For weight loss, the intensity of physical activity is not nearly as important as the amount and duration. For example, there is only a small difference between the amount of energy expended by briskly walking 10 blocks and by running 10 blocks. As people lose weight their energy needs decrease because of a decline in resting metabolic rate, and weight loss will be slowed (or there may even be some weight gain) if they continue to consume the same amount of energy in food without increasing energy expenditure. It is therefore extremely important to gradually increase physical activity to maintain weight control.
The proposed dietary changes, the most important of which is reduction of total fat and saturated fat intake, should be both pleasant and acceptable, and the increased physical activity should be enjoyable, practical, and safe. People who have difficulty maintaining a normal weight should be evaluated by a physician, especially if they are very overweight or have been unsuccessful in weight loss programs. Most people lose weight and maintain weight loss on their own by reducing their energy intake, frequently that from fat (because fat has more energy per gram than protein or carbohydrate), and by increasing their energy expenditure through physical activity. However, some people may prefer an organized weight loss program. Such programs should conform to the principles of the AHA guidelines for weight reduction by reducing intake of total fat and saturated fat. The program should be based on a balanced diet (ie, a nutrient intake sufficient to prevent deficiencies of vitamins and minerals), and provide a safe and pleasant program of physical activity.Essential Components of an Effective Weight Management Program for Adults 18 Years and Older Summary of Essential Components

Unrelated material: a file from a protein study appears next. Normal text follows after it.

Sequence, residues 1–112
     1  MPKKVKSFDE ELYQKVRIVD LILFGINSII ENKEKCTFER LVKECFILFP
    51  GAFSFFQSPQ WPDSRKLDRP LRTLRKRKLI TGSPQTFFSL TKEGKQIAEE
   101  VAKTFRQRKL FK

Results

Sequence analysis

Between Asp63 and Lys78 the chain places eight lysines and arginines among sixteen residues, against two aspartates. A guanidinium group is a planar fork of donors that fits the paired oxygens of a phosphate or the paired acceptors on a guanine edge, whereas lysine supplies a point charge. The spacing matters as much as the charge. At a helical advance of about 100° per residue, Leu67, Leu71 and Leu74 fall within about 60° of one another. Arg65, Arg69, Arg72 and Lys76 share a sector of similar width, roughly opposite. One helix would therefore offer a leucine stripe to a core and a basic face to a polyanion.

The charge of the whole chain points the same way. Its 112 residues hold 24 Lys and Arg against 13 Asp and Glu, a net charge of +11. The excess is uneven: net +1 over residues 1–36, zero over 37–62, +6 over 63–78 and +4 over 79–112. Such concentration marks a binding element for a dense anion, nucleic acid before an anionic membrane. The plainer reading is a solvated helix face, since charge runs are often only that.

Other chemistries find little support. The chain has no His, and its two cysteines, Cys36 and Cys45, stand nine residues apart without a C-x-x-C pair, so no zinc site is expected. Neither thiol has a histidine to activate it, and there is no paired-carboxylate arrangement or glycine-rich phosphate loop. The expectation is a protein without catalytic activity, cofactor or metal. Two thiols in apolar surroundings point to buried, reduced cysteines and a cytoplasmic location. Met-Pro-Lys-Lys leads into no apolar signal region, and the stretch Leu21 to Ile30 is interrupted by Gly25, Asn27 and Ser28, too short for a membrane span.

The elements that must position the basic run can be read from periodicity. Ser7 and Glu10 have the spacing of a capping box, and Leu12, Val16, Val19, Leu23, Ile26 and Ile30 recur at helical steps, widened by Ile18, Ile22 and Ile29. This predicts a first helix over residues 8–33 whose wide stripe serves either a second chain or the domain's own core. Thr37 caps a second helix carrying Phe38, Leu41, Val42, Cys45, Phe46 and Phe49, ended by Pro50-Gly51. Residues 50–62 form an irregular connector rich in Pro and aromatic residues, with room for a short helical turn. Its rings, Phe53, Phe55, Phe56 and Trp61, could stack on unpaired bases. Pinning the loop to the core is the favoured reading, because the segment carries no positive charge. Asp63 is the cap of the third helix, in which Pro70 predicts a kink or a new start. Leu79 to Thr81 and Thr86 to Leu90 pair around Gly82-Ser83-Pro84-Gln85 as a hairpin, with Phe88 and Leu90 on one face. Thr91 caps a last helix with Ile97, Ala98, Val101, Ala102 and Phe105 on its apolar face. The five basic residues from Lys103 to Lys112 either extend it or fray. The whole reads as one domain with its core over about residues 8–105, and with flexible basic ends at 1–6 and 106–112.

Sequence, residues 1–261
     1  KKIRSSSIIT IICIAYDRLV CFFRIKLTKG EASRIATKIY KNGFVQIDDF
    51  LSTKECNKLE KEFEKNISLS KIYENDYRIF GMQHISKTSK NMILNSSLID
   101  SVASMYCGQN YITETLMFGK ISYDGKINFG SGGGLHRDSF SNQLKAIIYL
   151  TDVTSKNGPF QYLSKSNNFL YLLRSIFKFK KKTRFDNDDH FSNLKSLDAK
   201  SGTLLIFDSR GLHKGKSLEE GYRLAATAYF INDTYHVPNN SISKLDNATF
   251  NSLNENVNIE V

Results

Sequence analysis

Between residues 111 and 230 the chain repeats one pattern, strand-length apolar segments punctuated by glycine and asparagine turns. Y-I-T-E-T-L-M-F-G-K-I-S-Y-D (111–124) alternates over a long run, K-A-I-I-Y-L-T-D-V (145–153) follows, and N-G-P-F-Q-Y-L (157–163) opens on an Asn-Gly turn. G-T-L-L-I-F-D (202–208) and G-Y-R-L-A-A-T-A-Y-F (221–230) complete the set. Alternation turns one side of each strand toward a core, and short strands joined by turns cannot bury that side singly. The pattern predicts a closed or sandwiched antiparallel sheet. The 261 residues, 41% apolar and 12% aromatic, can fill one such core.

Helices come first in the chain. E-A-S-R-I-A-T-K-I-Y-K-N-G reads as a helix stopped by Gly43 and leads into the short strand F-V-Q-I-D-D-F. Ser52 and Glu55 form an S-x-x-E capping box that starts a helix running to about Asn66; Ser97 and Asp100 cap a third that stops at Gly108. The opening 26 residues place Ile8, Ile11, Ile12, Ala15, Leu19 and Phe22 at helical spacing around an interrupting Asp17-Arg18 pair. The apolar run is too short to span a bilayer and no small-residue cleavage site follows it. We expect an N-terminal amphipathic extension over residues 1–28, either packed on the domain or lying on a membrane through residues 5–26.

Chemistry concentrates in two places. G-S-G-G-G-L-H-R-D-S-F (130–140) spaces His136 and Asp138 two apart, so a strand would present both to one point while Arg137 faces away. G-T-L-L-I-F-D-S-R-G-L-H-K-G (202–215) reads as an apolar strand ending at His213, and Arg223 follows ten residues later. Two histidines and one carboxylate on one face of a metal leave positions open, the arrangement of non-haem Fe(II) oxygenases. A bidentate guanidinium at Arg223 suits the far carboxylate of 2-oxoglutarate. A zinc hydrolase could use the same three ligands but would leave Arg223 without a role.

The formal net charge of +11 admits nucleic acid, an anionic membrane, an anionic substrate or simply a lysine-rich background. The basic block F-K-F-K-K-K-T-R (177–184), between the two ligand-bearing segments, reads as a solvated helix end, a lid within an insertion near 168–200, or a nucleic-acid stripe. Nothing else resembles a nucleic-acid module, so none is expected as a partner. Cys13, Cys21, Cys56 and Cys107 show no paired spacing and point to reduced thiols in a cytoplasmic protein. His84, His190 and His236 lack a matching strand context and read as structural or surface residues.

The essential components of a safe and effective weight management program are:
- Participant/patient information (informed consent)
- Screening of all persons beginning a weight management program by use of an appropriate medical history form to identify people who require a physician's supervision
- Guidelines for who needs to be evaluated by a physician before beginning a weight management program (Appendix A)
- Staffing by individuals qualified by education, training, and experience to provide these services
- Identification of reasonable weight loss goals (is weight loss needed to reduce risk for cardiovascular disease [eg, improved lipid profiles, blood pressure, or diabetes] or to improve general health [eg, improved pulmonary, cardiac, and musculoskeletal fitness]?)
- Individualized nutritional, exercise, and behavioral components
- A maintenance program for at least 2 years